- 2012elections - 9/11 Special Coverage - aca - africanamericanalzheimers - aids - Alabama News Network - american - Awards & Expo - bees - bilingual - border - californiaeducation - Caribbean - cir - citizenship - climatechange - collgeinmiami - community - democrats - ecotourism - Elders - Election 2012 - elections2012 - escuelas - Ethnic Media in the News - Ethnicities - Events - Eye on Egypt - Fellowships - food - Foreclosures - Growing Up Poor in the Bay Area - Health Care Reform - healthyhungerfreekids - howtodie - humiliating - immigrants - Inside the Shadow Economy - kimjongun - Latin America - Law & Justice - Living - Media - memphismediaroundtable - Multimedia - NAM en Espaol - Politics & Governance - Religion - Richmond Pulse - Science & Technology - Sports - The Movement to Expand Health Care Access - Video - Voter Suppression - War & Conflict - 攔截盤查政策 - Top Stories - Immigration - Health - Economy - Education - Environment - Ethnic Media Headlines - International Affairs - NAM en Español - Occupy Protests - Youth Culture - Collaborative Reporting

'American' Drama -- Real Teen Life on the Big Screen

YO! Youth Outlook Multimedia, Review//Video, Words: Eming Piansay // Video:Ann Bassette and Eming Piansay Posted: Aug 07, 2008

Editor's Note: YO! sat down with Nanette Burstein, the director of the new documentary film American Teen that followed the lives of four teens in the only high school in Warsaw, Indiana. The film documents the good, the breakups and the Internet bullying that follows. Eming Piansay is a content producer and Ann Bassette is an editor at YO! Youth Outlook Multimedia.

High school is the time in our young lives where hormones control just about everything. We get the (sometimes) unwanted crash course in love and its pit falls; maneuver awkwardly the through social gauntlet of our peers, ultimately discovering our strengths and weaknesses.

This description screams after school TV special where everyone learns a lesson in the last five minutes, but the new movie American Teen, directed by Nanette Burstein, tackles the reality of what high school is through the eyes of five young people at Warsaw Community High School in Warsaw, Indiana.

Video: Interview with director Nanette Burstein

The initial poster for the movie portrayed the five students in the same style of the Breakfast club: The jock, the heartthrob, the rebel, the princess, and the geek. For a lot of people I think it is easy to see pieces of your high school self in each of the characters negative and positive.

There were a lot of cringe worthy moments that made high school memories flood back into my brain. Like when youre kind of the socially awkward type person going on an even more socially awkward date. Or when someone spreads a vicious rumor about you, but in this day and age rumors are spread by way of text message and e-mail resulting in an even more scarring, painful experience way more advanced than what the bullies in my high school were capable of doing.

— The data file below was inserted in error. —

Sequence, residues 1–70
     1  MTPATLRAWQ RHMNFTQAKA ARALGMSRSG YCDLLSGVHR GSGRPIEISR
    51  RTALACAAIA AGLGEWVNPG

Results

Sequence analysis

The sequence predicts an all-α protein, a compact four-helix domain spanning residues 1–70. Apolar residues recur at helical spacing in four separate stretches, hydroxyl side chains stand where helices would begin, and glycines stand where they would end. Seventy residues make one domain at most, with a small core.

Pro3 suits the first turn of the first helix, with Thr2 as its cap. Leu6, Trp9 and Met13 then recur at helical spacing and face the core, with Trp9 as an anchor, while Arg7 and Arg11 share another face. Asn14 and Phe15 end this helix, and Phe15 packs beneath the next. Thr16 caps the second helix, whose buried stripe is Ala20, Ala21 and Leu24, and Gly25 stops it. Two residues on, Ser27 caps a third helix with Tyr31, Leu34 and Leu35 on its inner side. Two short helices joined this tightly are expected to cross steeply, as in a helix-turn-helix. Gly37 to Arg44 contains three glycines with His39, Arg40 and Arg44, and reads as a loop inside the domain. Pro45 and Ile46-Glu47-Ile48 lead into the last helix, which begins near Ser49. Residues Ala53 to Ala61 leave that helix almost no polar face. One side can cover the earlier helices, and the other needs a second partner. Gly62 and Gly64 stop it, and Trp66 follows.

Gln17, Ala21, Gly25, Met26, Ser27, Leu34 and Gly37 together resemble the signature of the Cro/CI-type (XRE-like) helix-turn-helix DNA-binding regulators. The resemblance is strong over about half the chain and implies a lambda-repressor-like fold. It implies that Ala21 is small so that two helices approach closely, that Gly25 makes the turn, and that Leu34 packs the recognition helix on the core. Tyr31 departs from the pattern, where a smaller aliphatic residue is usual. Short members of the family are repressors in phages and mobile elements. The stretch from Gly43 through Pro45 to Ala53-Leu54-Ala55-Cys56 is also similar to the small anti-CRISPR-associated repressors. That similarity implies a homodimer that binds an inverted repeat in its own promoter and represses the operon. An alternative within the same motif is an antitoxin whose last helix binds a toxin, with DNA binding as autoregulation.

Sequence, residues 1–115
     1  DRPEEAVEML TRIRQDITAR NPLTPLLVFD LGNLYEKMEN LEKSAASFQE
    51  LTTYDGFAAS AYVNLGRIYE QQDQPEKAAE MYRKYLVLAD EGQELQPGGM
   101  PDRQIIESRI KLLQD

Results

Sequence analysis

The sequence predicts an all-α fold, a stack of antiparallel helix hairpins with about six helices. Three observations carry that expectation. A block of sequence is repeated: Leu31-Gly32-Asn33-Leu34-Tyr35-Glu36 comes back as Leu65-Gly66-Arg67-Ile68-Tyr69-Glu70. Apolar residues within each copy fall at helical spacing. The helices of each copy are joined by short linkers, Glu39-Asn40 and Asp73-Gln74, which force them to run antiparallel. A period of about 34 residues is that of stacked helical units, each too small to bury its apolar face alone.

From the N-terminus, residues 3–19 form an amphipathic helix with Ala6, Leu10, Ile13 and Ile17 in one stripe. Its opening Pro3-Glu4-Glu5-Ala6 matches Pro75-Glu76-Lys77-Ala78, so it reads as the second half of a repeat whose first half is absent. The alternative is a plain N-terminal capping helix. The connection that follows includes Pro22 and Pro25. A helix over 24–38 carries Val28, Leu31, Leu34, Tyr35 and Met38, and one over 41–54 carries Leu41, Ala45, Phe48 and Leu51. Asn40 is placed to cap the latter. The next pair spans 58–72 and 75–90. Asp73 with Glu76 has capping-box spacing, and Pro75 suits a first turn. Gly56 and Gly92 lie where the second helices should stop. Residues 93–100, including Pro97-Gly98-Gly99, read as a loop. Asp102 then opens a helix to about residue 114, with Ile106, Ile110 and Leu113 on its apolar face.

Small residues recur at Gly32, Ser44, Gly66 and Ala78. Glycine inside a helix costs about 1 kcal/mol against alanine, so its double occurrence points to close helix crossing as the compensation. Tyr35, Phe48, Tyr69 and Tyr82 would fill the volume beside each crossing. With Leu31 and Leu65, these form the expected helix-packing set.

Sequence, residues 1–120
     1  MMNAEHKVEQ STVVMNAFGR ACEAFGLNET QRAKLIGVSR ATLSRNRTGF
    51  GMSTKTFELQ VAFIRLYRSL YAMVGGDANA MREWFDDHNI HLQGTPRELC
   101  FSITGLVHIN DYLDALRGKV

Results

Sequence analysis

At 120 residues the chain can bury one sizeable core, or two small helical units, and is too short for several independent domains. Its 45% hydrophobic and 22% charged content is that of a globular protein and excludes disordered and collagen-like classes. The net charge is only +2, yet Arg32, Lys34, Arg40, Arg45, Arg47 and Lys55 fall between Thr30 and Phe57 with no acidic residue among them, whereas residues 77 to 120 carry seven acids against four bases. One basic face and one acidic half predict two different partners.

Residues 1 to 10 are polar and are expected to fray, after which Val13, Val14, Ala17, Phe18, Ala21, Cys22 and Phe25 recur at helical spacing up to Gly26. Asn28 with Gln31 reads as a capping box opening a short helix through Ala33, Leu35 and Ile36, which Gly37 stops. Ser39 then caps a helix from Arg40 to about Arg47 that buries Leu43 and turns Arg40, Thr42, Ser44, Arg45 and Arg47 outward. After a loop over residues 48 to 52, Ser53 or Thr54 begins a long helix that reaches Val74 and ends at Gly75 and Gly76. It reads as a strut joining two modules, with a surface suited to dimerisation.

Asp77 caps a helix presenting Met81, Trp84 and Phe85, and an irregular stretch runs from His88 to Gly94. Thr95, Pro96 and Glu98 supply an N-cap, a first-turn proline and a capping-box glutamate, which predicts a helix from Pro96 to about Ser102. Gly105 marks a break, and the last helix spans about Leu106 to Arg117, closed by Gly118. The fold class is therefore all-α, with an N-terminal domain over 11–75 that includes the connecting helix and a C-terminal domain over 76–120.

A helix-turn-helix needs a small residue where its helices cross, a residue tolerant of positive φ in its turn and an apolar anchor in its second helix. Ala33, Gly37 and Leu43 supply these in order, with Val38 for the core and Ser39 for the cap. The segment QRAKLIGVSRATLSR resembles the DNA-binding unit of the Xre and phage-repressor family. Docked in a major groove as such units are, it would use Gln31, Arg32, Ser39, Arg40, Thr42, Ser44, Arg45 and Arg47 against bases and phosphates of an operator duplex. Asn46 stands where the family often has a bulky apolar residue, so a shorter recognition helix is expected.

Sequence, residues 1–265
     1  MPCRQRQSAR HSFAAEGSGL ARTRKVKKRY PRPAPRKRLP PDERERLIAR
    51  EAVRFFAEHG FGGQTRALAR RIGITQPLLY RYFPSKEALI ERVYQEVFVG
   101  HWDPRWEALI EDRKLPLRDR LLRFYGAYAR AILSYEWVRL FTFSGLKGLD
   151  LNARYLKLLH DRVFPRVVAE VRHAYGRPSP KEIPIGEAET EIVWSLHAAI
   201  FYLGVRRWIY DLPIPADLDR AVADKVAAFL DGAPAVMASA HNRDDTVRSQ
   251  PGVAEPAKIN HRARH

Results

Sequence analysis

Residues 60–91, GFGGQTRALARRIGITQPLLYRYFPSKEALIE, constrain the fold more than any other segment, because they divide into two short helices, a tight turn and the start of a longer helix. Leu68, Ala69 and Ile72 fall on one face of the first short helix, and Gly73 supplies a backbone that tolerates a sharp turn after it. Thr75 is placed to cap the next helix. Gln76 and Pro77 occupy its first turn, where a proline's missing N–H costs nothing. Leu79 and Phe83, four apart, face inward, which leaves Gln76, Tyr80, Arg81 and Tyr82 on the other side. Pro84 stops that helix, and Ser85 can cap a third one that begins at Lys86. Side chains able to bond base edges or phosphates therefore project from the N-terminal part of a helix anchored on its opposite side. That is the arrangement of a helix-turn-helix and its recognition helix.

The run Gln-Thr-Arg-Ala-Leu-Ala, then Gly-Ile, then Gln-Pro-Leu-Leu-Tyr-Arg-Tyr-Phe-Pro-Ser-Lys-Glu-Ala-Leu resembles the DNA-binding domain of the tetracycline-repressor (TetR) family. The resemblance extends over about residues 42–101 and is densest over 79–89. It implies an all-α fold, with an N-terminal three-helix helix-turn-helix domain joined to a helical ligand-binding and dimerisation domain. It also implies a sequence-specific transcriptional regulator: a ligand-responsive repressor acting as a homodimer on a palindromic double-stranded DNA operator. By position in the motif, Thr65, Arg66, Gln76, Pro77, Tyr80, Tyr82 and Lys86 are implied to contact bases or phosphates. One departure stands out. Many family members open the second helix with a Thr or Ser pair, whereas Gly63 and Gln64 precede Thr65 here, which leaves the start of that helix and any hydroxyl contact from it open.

The movie could have easily fallen into a very ho-hum, MTV True Life style. But throughout the movie Burstein caught those pure, raw moments that made high school so memorable for better or worse, like when your significant other breaks up with you and your left crying on the hood of a car; or when the new, beautiful girl at school agrees to go out on a date with the geek.

My favorite of the five is Hannah. Shes the quirky rebel who knows she doesnt fit into the status quo of Warsaw Indiana. I pretty much envied her high energy and dont-care- what-people think attitude through most of the movie. Mainly because I was the exact opposite, I was quiet, reserved and I always cared what people thought of me, always.

The only thing that bothered me about the movie was how non-diverse the cast was. To get a better picture of what life was in high school it would have made more sense to go to different areas of the United States and film teens who come from all walks of life. America is not Warsaw Indiana. America is Indiana, New York, Texas, California, Washington, Colorado, Tennessee and all the other fifty states.

My high school looked nothing like Warsaw Community High School, but it was interesting to get a glimpse of what high school life is like for young people living in that area of the United States.

I watched the movie with a good friend of mine who never went to public high school. I envied the fact that he didnt get the rush of painful memories that watching the movie brought on me. People always say that high school is a time that youll always remember and be thankful that you experienced it. That may be true, but I wouldnt want a movie made about me during high school that will live on, and on and on forever. Experiencing it the first time was bad enough, reliving it on DVD is something completely different.

Related Media:

College Road Trip' Shows Father-Daughter Bond

Inside the 'Wackness'

Audio Rebellion: Block Report Radio on the Big Screen

Page 1 of 1




Just Posted

NAM Coverage

Arts & Entertainment